Bike Review: Dynamic Crossroad 7

Page 3

© www.BikeCommuters.com

Review: Dynamic “Crossroad 7″ Shaft-Drive Bicycle
July 26th, 2007 by Jack "Ghost Rider" Sweeney
Straight Forward Tire Changes
Are there additional steps when changing a
flat rear tire? Yes, but the process only
takes an extra 30 seconds from a traditional
bolted-on or QR wheel. With a screwdriver,
remove the two screws that hold the black
plastic rear hub cover on. Slide the cover off.
Pull the shifter cable sharply downwards to
release it from the hub’s cable guide and
detach the leaded end from the hook on the
hub. Unscrew the axle nuts with a 15mm
wrench, taking care to keep the unique
washers on each side of the hub in proper
order. Change the flat and reverse the
disassembly process. Those special washers
realign the hub with the tail end of the
shaft-drive, so no fiddling is required to get
things running smoothly again. Hell, it takes
longer to write it out than to actually do it!
Ride With Confidence
The frame feels stiff. To be fair, this is the
first aluminum-framed bike I’ve ridden more
than a couple miles – I don’t know if
aluminum bikes always transmit this
amount of shock. The Dynamic frame
appears utterly flex-free, and with the beefy,
ovalized down tube, aluminum forks and
36-spoked deep profile rims, the ride felt a
little harsh. Over two miles of my round-trip
commute is over cobblestones, which can
be pretty punishing! Perhaps a carbon fork
and a suspension seatpost would have
improved the “seat feel” of this bike and
taken some of the edge off?

the hub is beefy and smooth, and comes
disc-ready (Dynamic offers a front-disc
brake upgrade for an additional $60).
The Alex DA-16 rims are tough – real
pothole killers! The handlebars and stem
are workmanlike…nothing fancy. The saddle
is such a personal choice that I wholly
expected this “Velo Plush” saddle to be not
so plush, and I was right! The seat was a
bit stiff for my preference. (since this review

was written, Dynamic has changed the seat
on this model to a more comfortable
padded seat). Also, the pedals that come
with the bike are designed with a narrow
profile that were slippery. Even with lugged
running shoes, my feet slipped off the
pedals a couple times in the dampness that
is summertime Florida. (since this review
was written, Dynamic has changed the

pedals on this model to a rubber-coated
non-slip pedal that gives very good traction).

Dynamic offers a variety of seats and pedals
and many of their other bike models come
standard with suspension padded seats and
rubber coated pedals. I was told
substitutions of these components can be
made at no cost, so feel free to ask for
something that might be more your style.
The “track-style” rear dropouts:

Customize The Cockpit
The parts specifications for this bike have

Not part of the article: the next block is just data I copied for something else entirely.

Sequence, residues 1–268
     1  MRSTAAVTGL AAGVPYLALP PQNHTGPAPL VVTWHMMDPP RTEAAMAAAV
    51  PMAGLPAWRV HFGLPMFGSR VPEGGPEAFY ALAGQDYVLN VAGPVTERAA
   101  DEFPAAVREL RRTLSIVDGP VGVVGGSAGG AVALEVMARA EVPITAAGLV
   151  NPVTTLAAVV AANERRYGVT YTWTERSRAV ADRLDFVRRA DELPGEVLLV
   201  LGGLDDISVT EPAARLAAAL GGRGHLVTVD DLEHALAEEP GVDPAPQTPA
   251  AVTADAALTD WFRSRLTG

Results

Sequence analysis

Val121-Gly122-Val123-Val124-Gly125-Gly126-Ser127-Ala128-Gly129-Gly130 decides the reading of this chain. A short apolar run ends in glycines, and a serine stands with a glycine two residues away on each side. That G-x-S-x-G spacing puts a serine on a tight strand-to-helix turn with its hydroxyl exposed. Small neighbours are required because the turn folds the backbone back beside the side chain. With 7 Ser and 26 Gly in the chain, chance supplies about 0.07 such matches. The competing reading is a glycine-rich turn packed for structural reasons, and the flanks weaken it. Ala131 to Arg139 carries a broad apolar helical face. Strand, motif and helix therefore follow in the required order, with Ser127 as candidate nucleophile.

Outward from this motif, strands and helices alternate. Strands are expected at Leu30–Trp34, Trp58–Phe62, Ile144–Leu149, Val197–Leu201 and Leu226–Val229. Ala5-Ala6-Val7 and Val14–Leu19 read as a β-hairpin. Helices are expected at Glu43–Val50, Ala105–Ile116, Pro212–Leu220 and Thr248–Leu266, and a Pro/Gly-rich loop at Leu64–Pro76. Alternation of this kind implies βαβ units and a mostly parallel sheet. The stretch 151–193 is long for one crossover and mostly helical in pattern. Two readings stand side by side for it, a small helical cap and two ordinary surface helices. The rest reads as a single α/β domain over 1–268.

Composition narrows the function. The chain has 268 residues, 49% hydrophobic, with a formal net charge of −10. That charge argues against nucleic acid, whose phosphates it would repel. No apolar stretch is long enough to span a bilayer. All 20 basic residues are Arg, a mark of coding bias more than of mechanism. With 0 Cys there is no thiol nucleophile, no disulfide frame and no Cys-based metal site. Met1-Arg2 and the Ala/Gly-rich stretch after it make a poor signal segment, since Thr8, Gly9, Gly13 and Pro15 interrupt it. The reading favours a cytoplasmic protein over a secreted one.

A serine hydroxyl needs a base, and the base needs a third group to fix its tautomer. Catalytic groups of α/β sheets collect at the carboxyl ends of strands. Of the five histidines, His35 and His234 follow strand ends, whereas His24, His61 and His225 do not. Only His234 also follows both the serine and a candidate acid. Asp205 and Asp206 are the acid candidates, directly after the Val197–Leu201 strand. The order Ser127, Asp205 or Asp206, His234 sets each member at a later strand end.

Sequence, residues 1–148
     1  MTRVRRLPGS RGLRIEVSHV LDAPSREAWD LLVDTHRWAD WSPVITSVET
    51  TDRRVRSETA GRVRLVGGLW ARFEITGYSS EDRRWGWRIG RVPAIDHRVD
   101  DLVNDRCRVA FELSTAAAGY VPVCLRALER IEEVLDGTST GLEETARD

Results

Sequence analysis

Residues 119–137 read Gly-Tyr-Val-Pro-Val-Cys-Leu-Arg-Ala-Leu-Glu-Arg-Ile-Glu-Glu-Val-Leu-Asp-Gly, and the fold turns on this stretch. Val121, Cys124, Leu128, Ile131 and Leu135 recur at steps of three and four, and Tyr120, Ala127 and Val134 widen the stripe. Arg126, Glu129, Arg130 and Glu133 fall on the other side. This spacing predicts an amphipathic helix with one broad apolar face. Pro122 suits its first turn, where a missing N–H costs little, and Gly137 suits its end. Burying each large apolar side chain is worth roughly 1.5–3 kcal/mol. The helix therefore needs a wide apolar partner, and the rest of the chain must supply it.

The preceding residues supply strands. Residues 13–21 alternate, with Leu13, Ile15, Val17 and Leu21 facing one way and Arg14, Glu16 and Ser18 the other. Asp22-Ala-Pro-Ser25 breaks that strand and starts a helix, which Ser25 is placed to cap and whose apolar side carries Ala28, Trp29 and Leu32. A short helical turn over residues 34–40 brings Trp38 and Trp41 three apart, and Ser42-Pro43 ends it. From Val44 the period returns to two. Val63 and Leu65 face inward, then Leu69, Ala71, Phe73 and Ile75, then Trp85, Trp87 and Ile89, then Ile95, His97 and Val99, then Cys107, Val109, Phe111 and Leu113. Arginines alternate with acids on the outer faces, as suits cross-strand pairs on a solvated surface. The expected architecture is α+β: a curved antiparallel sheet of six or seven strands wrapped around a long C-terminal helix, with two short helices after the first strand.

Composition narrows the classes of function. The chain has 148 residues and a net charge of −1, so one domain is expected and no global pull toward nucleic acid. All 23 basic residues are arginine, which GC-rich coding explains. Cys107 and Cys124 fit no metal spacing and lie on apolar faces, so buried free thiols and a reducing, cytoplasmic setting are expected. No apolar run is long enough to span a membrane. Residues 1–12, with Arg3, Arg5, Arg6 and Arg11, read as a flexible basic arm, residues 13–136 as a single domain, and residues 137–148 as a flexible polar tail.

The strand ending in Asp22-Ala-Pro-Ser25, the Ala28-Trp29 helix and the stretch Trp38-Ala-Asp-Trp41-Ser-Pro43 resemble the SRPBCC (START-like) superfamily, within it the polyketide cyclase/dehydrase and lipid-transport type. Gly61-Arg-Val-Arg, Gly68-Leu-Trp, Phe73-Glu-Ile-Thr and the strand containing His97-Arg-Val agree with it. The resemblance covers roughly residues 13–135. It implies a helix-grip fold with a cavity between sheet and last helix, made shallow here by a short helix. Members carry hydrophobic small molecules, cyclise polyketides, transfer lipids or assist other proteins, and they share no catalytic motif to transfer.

high and low points. Tektro Quartz linear
pull brakes are about the best “off-brand” V
brakes money can buy; easy to adjust and
tremendous stopping power. The Nexus hub
is superlative – smooth and easy to shift
and virtually maintenance-free. The front
hub is a sealed bearing model made by
Access. I am unfamiliar with the brand, but

Bike Review: Dynamic Crossroad 7

Page 4

© www.BikeCommuters.com

Review: Dynamic “Crossroad 7″ Shaft-Drive Bicycle
July 26th, 2007 by Jack "Ghost Rider" Sweeney
Does the shaft-drive wear out? Well,
yes…eventually. Patrick Perugini, the
president of Dynamic, indicated that the
shaft-drive is designed for about 10,000
miles (depending on frequency of greasing)
before it requires replacement. And, a
replacement assembly with all bearings is
only $89.00, available directly from Dynamic.
Now, compare that to a traditional geared
bike – can you get 10,000 miles out of one
set of chainrings, cassette cogs and a chain?
I didn’t think so! Can you replace two (or
three) chainrings, 8/9/10 cogs and a chain
for less than $89.00? Only if you really,
really shop around!
Only Minor Gripes
Two gripes stand out in my mind: the first
is the riding position, which is pretty upright.
While this position gives the rider a
commanding view of the streets, there is no
place to hide once stiff headwinds come
into play. With this configuration, the
Crossroad 7 is really not designed for longdistance fast commuting. Your options here
would be to install a lower rise stem or
choose Dynamic’s road bike model with
drop handlebars and a more aerodynamic
riding position.
The other gripe is that while Dynamic
inexpensively offers accessories such as a
rear rack and fenders, at this price point I
would like to see both of those included as
standard features (never hurts to ask). Most
similarly-equipped bikes from other
manufacturers (and here I mean geared

commuter bikes) come standard with rack
and full-coverage fenders.
Overall, I think Dynamic has a winner
with their Crossroad 7. It appears (and
rides) in every way like the around-town
errand, commuting and recreation bike it
was meant to be, and you just can’t beat its
low-maintenance features. No more greasy
chain tattoos, tattered pants cuffs or dirty
hands from a mid-ride tire change!
Hits:
• low maintenance
• smooth, effortless drivetrain and
shifting system
• sexy paintjob
• lifetime frame warranty
• perfectly suited for around-town
cruising and medium-distance (5-12
miles) commuting
• Dynamic’s sterling customer service –
questions promptly answered
• great website documentation for
maintenance and service of these
bikes
Misses:
• Frame and ride may be stiff for some
bumpier commutes
• Saddle and pedals may need changing
(both components have been


upgraded since this review was
written)

Upright stance is comfortable, but
gives some aerodynamic issues in
headwinds

Visit Dynamic’s website, www.dynamicbicycles.com to learn more about the shaft drive –
there is a great “FAQ” on the site – and to see other Dynamic models.

Bike Review: Dynamic Crossroad 7

Page 5

© www.BikeCommuters.com